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6 Proposals for Journalism Education Today

I’ve spent a huge amount of time this year thinking about and working on journalism curriculum. From developing and teaching a four-week program to train journalism educators in Africa in the practice of online journalism, to helping with a major overhaul of the undergraduate curriculum in my own department, to my current preparations to teach journalism at a university in Indonesia, I have been thinking a lot about what students need to learn today.

Here are six proposals in three distinct areas of journalism that are increasingly important today.

Data Journalism

My colleague Ron Rodgers sent me this post from the Guardian, and it has great value in its brevity and directness: Data journalism at the Guardian: What is it and how do we do it? It addresses 10 big themes that a journalism educator could build a whole course around, but you can read the whole post in about 10 minutes.

In contrast, a paper produced last August as the outcome of a conference in Europe about data-driven journalism is quite long — 78 pages. The paper, Data-driven journalism: What is there to learn?, provides many details in a very well organized format, and it includes lots of links to examples and tools (free tools!).

Moreover, there’s a new book to help us teach students about data! The video below explains it.

Proposals: (1) A journalism degree program should ensure that all students are introduced to basic data journalism, using current examples and demonstrating how to apply concepts. (2) A journalism degree program should offer at least one 3-credit elective course that focuses exclusively on data journalism.

Social Media and Participation

Just about everyone who teaches journalism is trying to figure out how to integrate social media into the mix. We all know that young people are already active users of social media — but that doesn’t mean they understand how to use those media ethically and effectively to do journalism.

Did you know that journalists in Al Jazeera’s Arabic and English newsrooms have had intensive social-media training? Read about it here. The same article discusses how social media links drive traffic to news websites.

As well as getting involved (if they choose) in newsgathering, verification and curation of news, readers and viewers have also become part of the news-distribution system as they share and recommend items of interest via e-mail and social networks. [source]

The phrase participatory journalism is not precisely defined, but I take it to mean that the audience participates in setting the agenda for news. This requires that journalists make themselves open to listening more, and listening to more sources (not only official ones), as well as making a commitment to go beyond superficial (and sometimes denigrating) man-on-the-street interviews.

Another important term is crowdsourcing. This is one kind of audience participation in gathering news — but not the only kind. This BBC story provides a good overview of crowdsourcing, and this article from the scholarly journal Journalism Practice discusses some excellent examples.

Proposals: (3) All journalism students need to learn how to use social media for specific journalistic goals. Assignments should focus on distinct uses such as identifying experts, crowdsourcing, and crisis mapping. (4) In any journalism program, the instructors must work together to eliminate unnecessary repetition in the program — for example, two or more required courses might have almost identical Twitter assignments or blogging assignments. This is a particular danger because it’s easy to integrate social media into almost any course — but redundancy risks trivializing the experience for students.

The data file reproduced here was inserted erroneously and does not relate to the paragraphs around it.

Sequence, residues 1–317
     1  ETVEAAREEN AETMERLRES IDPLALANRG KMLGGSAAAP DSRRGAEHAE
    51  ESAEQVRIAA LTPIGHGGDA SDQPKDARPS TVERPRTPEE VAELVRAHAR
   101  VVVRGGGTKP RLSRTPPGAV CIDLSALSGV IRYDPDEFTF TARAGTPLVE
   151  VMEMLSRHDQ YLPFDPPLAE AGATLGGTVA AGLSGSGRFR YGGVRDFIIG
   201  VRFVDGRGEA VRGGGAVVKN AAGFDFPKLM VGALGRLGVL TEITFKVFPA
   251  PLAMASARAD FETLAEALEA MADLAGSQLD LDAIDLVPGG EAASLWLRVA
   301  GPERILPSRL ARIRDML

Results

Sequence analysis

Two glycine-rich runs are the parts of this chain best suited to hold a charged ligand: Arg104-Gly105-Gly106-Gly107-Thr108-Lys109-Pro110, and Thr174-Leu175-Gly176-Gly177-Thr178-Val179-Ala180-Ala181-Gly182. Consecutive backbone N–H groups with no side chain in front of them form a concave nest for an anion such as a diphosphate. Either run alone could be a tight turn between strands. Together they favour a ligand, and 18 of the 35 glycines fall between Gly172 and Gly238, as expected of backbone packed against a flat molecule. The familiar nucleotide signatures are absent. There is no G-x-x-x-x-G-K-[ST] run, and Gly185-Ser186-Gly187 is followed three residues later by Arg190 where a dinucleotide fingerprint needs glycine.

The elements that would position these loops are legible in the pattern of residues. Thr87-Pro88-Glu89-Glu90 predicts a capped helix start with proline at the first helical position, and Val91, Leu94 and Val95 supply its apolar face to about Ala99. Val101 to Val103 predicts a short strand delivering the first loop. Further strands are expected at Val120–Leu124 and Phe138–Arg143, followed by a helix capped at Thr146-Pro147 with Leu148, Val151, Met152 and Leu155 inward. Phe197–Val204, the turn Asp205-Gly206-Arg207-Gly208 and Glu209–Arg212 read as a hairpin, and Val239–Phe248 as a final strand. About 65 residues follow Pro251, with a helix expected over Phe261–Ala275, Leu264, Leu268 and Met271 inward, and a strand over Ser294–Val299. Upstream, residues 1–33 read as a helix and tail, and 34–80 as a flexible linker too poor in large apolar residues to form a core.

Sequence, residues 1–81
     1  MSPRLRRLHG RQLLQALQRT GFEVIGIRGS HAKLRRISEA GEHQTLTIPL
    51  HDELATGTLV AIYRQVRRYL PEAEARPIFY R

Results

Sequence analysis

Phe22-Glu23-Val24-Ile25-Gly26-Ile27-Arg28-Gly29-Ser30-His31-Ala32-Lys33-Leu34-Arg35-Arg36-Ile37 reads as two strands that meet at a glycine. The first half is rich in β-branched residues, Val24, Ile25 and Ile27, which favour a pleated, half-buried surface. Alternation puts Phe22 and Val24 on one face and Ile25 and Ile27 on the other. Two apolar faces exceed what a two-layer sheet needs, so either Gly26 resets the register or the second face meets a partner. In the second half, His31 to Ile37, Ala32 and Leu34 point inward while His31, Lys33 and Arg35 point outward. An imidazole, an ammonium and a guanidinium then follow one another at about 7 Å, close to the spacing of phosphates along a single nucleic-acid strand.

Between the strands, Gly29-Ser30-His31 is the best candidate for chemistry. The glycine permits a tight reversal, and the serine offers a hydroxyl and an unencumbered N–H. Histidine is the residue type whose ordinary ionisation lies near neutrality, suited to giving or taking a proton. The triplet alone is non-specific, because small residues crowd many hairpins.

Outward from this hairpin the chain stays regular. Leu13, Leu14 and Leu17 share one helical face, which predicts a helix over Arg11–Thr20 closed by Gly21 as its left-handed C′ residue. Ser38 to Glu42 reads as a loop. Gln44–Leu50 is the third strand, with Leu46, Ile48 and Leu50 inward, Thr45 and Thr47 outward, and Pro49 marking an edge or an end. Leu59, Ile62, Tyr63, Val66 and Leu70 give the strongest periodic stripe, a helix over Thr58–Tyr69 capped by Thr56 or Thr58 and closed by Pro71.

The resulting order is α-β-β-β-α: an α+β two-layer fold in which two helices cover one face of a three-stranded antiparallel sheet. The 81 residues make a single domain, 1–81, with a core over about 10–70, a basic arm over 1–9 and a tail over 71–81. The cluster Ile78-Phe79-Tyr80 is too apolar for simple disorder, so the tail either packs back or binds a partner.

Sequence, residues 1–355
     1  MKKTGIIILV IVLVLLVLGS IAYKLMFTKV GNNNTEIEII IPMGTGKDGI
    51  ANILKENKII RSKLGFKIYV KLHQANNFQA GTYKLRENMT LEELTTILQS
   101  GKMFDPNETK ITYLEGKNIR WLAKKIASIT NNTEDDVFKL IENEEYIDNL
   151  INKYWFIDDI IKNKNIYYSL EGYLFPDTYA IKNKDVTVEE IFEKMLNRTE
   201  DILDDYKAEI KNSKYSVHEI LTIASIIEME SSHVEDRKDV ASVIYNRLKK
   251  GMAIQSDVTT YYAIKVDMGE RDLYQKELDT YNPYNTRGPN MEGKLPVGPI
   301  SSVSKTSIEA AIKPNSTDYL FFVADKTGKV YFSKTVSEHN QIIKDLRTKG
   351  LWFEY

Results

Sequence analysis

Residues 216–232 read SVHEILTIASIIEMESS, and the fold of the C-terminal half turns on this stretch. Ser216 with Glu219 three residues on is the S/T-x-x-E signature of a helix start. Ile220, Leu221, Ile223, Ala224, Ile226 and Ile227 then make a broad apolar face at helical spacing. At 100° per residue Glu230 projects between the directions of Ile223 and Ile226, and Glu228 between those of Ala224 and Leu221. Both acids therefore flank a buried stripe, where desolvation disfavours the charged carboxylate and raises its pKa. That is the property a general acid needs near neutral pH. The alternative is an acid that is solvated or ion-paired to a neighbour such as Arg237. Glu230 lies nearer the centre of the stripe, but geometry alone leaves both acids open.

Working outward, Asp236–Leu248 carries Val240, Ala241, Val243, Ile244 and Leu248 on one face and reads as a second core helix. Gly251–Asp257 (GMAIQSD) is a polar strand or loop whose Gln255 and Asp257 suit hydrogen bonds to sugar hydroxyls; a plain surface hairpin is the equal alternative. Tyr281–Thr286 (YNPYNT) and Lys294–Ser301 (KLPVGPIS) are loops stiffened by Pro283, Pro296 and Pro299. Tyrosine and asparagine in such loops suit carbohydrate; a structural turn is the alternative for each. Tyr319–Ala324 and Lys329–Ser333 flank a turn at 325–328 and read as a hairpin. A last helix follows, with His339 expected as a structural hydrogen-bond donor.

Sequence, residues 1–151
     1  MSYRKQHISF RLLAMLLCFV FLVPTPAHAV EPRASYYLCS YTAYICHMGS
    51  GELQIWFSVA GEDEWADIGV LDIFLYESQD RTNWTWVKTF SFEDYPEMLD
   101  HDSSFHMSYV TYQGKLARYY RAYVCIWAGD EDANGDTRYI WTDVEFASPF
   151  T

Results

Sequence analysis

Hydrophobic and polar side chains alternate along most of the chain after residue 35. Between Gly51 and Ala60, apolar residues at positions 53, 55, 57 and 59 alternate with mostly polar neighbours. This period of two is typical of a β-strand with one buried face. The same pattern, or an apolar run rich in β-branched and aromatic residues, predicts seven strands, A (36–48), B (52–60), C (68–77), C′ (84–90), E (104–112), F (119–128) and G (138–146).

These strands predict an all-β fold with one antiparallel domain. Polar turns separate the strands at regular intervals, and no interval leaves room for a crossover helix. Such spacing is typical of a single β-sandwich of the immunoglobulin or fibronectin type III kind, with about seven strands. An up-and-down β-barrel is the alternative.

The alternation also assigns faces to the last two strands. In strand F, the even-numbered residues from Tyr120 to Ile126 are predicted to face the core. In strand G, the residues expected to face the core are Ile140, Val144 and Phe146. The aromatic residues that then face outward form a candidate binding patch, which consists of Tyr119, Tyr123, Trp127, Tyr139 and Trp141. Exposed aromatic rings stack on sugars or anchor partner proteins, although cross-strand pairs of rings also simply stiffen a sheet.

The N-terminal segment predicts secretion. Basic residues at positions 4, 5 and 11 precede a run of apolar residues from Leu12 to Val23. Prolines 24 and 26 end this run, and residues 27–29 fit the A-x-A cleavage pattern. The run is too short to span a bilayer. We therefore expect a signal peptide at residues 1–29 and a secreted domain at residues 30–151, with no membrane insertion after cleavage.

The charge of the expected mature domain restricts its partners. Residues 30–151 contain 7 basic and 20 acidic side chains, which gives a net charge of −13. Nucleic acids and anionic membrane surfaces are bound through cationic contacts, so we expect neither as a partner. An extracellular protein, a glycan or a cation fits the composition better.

Presentation

This is not just a matter of design (as in “page layout and design”), and it should never be a mere afterthought in the production of news materials. A wonderful post by designer Andy Rutledge illustrates better than anything else I have seen why news websites — and many news applications for mobile devices — are more likely to repel readers than to attract them.

Sometimes I think the students who choose to major in journalism came to us through a time machine from a place where people still read text that is printed on paper. What’s especially strange is that most of these students do not themselves read any text on paper — but they imagine that someone will give them a job where they will spend all their time writing text, text, text that will not interact with any other media.

In the early days of print newspapers, pictures were added to help attract people who would buy the product and read the text. Formats and font sizes (among other things) make journalism more appealing. When the product is appealing, it does not drive people away.

Unfortunately, many online and digital news products since the mid 1990s have been doing just that — driving people away. Why was this permitted? Why didn’t the entire newsroom stand up and protest that the website was hideous, slow, impossible to read, horrible, offputting, unusable? They didn’t do it because it wasn’t their job — the way their stories looked was of no concern to them. As the readers abandoned them, the journalists continued to be silent and even ignorant about the destructive effects of bad digital design.

Educators could use this book, for example, and assign students to evaluate news web pages according to its principles: Neuro Web Design: What Makes Them Click?

Proposals: (5) Every journalism program needs a required course in visual design. (6) A journalism course in visual design must educate students in the principles that make an image, a frame, a page, and a screen appealing — or offputting. The course does not need to produce skilled designers; rather, it should produce journalists who recognize when a presentation of news or journalism is effective, and when it is confusing, difficult, and fails.


Categories: ideas, teaching, training